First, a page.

Here is the front of the house above. Sorry, the light was not right for taking a good picture, it is rather washed out. The doors are not period, but notice the space above the windows that indicate a later house than the one below. Probably one room either side of a staircase or stair hall. Tiny upstairs rooms, but better than it might be because the house is a bit taller from ground to eaves.
Here is an eighteenth century Cape. Notice the light stripe on the roof. The lime from the chimney mortar is preserving the shingles. The top of the windows are touching the eaves, indicating great age, but it does not have that rooted into the ground look that the very earliest Capes have, and unless the chimney has been replaced, it does not have the MASSIVE chimney that the earliest have. Capes enclose the most space with the smallest exterior surface exposed to the cold. I would have to do some math to see if the gambrel is better. Notice too, there is not much overhang to the eaves. The earliest, might not have eaves at all, just a trim board and the overhang of the drip edge of the shingles themselves.
Here is a mid nineteenth century church, presently the Swedenborgian Church in Bath, Maine. When the United States became a nation, it was thought that this style expressed the republican sentiments of the new government. Hence this became the preferred style in Washington DC as well as for much of the country for public buildings and private dwellings as well. This is a very pure example, so I thought I would include it here, in spite of it being a huge building.
Sorry about the bushes hiding some of the front, but I was taken by the apparently untouched facade of this 1850s Greek Revival Cape. Notice the heavy mouldings and temple like cornices over the door and windows, as well as the mock columns at the corners. Not a very big house, and could easily be much smaller. Simple elements make for a strong design statement. This is a good time to add a note about shutters. Add shutters to a house that really fit the windows. They do not have to function, but make sure the size is right so the design makes sense.
This is one of my favorite Greek revival houses in the area. What a nice contrast in the colors.
The door will open at the base of a staircase and/or a narrow hall. To the right will be two parlors, or a parlor and dining room with a large arch between them. To the left of the back room will be a smaller room, either open to the other or closed off with a door or archway.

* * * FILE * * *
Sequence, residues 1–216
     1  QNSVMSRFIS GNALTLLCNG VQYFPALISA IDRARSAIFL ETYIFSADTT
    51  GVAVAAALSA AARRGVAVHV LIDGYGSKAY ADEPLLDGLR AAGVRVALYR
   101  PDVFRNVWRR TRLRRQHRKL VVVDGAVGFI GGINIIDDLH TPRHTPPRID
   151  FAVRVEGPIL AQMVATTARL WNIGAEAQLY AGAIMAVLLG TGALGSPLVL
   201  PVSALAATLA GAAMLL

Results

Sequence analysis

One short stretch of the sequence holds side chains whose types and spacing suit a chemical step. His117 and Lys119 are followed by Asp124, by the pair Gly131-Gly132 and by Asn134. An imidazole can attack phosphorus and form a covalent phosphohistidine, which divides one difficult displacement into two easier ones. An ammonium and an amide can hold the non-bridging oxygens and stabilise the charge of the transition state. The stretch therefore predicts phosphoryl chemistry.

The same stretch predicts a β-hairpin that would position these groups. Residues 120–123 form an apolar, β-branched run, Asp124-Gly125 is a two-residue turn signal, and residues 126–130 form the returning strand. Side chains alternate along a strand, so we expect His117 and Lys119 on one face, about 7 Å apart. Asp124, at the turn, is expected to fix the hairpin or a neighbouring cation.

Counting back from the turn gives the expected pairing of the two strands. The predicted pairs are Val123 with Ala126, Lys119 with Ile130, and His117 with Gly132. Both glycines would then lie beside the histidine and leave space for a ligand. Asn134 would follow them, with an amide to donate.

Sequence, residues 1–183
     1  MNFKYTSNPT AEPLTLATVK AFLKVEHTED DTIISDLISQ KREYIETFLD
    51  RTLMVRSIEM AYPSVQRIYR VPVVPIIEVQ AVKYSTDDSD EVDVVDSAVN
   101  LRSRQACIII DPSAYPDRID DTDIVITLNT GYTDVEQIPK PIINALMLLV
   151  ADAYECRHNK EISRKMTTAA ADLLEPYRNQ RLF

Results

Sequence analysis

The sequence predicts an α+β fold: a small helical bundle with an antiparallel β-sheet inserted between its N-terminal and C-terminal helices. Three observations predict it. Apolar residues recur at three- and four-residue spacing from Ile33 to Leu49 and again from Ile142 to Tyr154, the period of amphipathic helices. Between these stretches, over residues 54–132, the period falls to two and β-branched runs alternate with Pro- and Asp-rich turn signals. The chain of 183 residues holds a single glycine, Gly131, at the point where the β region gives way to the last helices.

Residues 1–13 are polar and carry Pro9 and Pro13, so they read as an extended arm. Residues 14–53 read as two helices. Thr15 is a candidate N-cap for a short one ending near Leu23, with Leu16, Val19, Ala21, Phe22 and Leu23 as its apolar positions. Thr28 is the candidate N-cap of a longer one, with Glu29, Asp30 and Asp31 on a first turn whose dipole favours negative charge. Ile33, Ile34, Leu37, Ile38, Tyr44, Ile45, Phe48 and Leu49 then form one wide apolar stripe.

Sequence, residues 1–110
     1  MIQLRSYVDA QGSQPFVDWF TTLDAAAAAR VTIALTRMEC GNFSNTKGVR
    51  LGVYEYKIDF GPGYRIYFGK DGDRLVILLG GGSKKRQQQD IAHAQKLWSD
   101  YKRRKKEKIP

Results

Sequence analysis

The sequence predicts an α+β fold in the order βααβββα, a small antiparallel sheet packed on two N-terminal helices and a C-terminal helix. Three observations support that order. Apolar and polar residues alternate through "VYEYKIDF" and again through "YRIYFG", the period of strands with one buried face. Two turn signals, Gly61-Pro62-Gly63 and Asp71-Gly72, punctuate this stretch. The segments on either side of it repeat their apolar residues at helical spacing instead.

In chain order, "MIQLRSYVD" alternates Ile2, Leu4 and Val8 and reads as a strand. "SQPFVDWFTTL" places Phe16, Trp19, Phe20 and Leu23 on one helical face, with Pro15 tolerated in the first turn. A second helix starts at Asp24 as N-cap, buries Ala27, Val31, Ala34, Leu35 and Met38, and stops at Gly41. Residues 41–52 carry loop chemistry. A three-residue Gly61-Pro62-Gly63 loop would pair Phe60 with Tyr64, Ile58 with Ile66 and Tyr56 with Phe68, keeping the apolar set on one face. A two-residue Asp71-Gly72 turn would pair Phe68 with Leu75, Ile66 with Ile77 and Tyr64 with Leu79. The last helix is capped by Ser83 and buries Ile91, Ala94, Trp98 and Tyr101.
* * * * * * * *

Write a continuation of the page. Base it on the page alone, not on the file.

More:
Upstairs will be a hall overlooking the staircase and two bedrooms, though there is often a third, the smallest at the top of the stairs. Some people turn the third into a bathroom.
I fell in love with a smaller version of this house on the island of Southport in Maine, and have loved them ever since. I don't really know why. I usually fall for 18th century designs.
I am sorry that this appears so very gray in this picture. But then it was a very overcast day and I should be happy I got the picture at all. This is a very attractive soft green. It is a smallish house, but not tiny. The main reason I wanted you to see it is for the shingle pattern and for the brackets over the front door. There are two different shingle patterns that give very nice shadow lines in a very subtle way. Notice too that the sections of the shingles are separated by a trim board at the top, but there is also a pattern change without a separation. Shingles like this can be outrageously expensive, but you can rip shingles down to a single width, saving the scraps and the narrow shingles to mix into other bundles if you are using them elsewhere on the house. You could also sell the narrow ones for a reasonable price on line. Even if you gave them away, I suspect you could save money over buying them precut. Set up a jig on your saw to cut the ripped shingles repeatedly till you have enough. It may be time consuming, but look how nice. This is probably from the last quarter of the 19th century to the first world war at the latest.